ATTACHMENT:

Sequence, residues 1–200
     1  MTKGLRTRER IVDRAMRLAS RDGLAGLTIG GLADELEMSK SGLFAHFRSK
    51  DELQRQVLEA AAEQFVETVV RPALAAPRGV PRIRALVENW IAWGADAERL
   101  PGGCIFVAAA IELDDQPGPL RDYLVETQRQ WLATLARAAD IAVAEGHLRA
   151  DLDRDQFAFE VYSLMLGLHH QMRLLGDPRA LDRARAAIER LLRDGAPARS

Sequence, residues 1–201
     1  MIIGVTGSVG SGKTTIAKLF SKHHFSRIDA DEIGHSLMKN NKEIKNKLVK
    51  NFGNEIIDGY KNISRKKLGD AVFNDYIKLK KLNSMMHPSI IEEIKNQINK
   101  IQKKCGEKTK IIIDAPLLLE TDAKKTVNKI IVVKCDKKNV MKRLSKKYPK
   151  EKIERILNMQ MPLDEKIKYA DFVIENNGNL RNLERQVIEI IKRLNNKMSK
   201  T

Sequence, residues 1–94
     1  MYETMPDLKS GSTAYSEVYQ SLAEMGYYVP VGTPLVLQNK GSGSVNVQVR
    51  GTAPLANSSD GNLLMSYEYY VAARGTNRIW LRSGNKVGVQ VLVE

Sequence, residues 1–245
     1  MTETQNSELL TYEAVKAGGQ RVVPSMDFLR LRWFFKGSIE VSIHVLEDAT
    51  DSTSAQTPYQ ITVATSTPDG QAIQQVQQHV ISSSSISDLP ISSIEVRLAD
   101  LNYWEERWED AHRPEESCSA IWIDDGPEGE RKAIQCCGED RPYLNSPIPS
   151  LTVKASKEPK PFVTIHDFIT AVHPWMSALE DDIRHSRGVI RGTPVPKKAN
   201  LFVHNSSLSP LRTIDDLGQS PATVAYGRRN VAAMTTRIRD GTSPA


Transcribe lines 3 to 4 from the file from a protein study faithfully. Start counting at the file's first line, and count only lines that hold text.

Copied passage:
    51  DELQRQVLEA AAEQFVETVV RPALAAPRGV PRIRALVENW IAWGADAERL
   101  PGGCIFVAAA IELDDQPGPL RDYLVETQRQ WLATLARAAD IAVAEGHLRA